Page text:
The distribution will take place at Alameda Park from 11 a.m. to 2 p.m.
Each vehicle will receive 2 boxes of food.
The food bank said it will be able to serve up to 575 vehicles.
All traffic will enter Alameda Park via Pool Drive. The Butler County Sheriff’s Office will help direct traffic.
The food bank is asking people to follow these guidelines:
- For everyone’s safety, individuals attending the distribution must stay in their vehicles at all times, except when using the outdoor restroom facilities. This will help us maintain six-foot social distancing guidelines. Leaving cars to socialize is strictly prohibited.
- After pulling into the distribution area, please put your vehicle in park and unlock your trunk or backseat for food to be loaded. Volunteers will not load food into vehicles until in park. Please stay in your vehicle.
- Attendees will not be required to fill out a registration form in order to receive food.
- Stay alert and follow the guidance of Food Bank staff and police as they direct cars through the distribution area.
UPDATE 11:05 a.m.: There are 29 new positive cases of the coronavirus in Allegheny County, bringing the total to 788, the Allegheny County Health Department announced.
Officials said 124 people have been or are currently being hospitalized, and eight more people have died, bringing the total number of deaths to 18. All deaths in the county have been people over the age of 65, the Health Department said.
Here is a breakdown of cases by age group:
- 0-4 years: 2
- 5-12 years: 4
- 13-18 years: 9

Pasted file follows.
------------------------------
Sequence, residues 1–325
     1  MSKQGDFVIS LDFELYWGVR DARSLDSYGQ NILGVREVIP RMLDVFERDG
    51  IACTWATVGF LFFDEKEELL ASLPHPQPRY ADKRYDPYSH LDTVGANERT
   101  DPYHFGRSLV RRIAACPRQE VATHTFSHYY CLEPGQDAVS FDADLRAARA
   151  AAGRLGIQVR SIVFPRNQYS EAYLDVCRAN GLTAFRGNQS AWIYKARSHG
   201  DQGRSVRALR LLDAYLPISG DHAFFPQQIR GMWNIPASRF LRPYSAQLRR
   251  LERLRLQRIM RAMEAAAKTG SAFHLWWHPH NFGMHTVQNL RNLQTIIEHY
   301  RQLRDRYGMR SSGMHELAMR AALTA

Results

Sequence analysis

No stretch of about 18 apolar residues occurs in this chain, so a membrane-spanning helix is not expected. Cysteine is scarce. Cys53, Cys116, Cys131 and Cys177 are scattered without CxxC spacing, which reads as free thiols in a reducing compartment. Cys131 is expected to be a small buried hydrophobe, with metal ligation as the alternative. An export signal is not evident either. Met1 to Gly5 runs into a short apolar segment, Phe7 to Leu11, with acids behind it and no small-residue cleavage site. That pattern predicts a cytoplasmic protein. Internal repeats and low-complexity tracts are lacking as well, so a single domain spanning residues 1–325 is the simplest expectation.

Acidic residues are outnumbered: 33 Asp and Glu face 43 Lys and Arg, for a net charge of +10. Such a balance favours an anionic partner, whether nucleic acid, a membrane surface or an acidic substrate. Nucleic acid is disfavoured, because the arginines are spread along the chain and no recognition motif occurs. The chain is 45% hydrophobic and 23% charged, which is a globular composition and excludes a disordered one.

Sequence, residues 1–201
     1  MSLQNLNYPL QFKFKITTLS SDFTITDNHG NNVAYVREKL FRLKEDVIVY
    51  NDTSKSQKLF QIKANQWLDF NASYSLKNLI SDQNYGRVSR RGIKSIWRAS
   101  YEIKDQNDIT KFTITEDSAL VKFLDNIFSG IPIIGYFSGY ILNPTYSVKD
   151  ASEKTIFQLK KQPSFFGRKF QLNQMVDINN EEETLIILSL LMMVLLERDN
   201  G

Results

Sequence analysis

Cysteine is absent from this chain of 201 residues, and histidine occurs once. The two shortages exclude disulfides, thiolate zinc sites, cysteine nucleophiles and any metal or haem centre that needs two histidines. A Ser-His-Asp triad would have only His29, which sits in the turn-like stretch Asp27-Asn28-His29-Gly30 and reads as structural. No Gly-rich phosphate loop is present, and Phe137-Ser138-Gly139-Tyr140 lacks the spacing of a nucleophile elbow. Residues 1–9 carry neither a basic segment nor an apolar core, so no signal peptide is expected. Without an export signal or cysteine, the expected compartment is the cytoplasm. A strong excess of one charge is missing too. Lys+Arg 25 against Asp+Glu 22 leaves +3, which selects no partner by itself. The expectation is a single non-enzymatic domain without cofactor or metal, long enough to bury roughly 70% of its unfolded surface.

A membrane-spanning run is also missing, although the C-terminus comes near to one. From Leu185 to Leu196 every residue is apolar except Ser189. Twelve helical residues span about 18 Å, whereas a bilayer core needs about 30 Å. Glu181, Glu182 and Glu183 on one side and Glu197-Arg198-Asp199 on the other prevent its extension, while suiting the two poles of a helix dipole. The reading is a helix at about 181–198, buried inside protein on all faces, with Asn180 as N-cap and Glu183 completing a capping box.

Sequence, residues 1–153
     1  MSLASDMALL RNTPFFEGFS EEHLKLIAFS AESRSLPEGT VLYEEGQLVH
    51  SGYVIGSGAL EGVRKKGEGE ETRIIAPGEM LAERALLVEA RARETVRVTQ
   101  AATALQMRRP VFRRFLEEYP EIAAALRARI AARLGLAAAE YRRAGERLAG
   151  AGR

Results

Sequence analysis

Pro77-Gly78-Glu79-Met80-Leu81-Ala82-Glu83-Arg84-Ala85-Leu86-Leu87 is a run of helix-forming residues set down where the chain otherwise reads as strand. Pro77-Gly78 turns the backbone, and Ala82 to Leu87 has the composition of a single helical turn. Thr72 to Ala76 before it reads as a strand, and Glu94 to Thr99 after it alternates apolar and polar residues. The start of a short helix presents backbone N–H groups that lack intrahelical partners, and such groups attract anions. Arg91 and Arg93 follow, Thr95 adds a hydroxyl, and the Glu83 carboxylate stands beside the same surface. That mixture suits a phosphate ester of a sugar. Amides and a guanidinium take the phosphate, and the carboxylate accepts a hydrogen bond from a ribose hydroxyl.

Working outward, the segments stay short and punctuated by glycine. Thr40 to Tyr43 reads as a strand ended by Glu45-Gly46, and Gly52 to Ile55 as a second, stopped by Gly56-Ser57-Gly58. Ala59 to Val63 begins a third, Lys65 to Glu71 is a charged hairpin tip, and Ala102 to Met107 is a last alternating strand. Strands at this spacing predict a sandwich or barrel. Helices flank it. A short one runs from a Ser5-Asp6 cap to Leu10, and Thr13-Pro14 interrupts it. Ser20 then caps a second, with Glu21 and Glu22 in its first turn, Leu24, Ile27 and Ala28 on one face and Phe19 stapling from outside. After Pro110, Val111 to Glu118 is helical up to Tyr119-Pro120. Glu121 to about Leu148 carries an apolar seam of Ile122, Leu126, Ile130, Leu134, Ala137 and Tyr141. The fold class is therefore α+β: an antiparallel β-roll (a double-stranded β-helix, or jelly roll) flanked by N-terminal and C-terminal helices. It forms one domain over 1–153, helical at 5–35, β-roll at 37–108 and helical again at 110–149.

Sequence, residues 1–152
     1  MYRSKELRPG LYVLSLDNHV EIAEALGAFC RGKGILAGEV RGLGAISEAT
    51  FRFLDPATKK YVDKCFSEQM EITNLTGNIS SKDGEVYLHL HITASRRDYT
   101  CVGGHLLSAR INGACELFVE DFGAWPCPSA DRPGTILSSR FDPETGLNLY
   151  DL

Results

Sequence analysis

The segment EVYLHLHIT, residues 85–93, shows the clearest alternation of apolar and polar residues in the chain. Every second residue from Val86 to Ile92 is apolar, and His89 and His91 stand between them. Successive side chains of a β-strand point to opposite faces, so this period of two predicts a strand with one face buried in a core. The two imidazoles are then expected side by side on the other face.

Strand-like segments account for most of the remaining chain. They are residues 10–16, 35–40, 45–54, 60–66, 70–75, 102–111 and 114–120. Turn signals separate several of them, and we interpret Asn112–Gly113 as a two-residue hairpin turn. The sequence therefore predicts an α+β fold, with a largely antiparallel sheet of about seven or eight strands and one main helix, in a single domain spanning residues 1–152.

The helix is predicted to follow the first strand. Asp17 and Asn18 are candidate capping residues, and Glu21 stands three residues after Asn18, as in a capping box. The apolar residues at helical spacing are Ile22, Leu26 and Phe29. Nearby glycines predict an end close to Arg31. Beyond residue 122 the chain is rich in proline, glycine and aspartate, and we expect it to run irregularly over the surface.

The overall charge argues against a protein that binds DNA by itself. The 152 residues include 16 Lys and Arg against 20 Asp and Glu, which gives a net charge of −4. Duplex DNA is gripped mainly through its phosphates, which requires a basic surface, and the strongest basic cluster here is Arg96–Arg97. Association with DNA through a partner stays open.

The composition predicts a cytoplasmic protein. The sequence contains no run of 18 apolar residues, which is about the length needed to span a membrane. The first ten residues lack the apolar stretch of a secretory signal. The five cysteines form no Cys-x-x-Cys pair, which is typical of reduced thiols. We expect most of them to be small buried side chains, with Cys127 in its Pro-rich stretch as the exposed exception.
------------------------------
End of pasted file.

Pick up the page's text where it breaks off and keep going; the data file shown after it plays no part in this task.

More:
- 19-24 years: 66
- 25-49 years: 316
- 50-64 years: 221
- 65+ years: 170
Of the cases, 414 are female and 373 are male.
UPDATE 7 a.m.: The Greater Pittsburgh Community Food Bank worked with the Pittsburgh Penguins and Pittsburgh Public Safety to help families in need.
On Friday, from 10 a.m. to 1 p.m., those in need drive to PPG Paints Arena to pick up boxed meals.
Officials said they believe this will be the biggest food distribution drive they have had so far -- serving more cars than any of the previous five events.
1,300 cars were given two 25-pound boxes of food. Roughly 65,000 pounds of food was distributed. Several hundred cars had to be turned away due to high demand.
UPDATE 4:30 a.m.: The number of confirmed coronavirus cases in Pennsylvania grew to 18,228 Thursday, the Pennsylvania Department of Health announced. Of those cases, 1,446 are in western Pennsylvania.
Statewide, 338 people have died after contracting the coronavirus.
As a stay-at-home order remains in place, Gov. Tom Wolf announced all schools in the state will remain closed for the remainder of the academic year.
The extended school shutdown order affects more than 1.7 million students in public and private K-12 schools. It means children will spend the rest of the year learning remotely.
Staying in line with the school closures, the Pennsylvania Interscholastic Athletic Association announced all remaining winter and spring sports and any championships have been cancelled.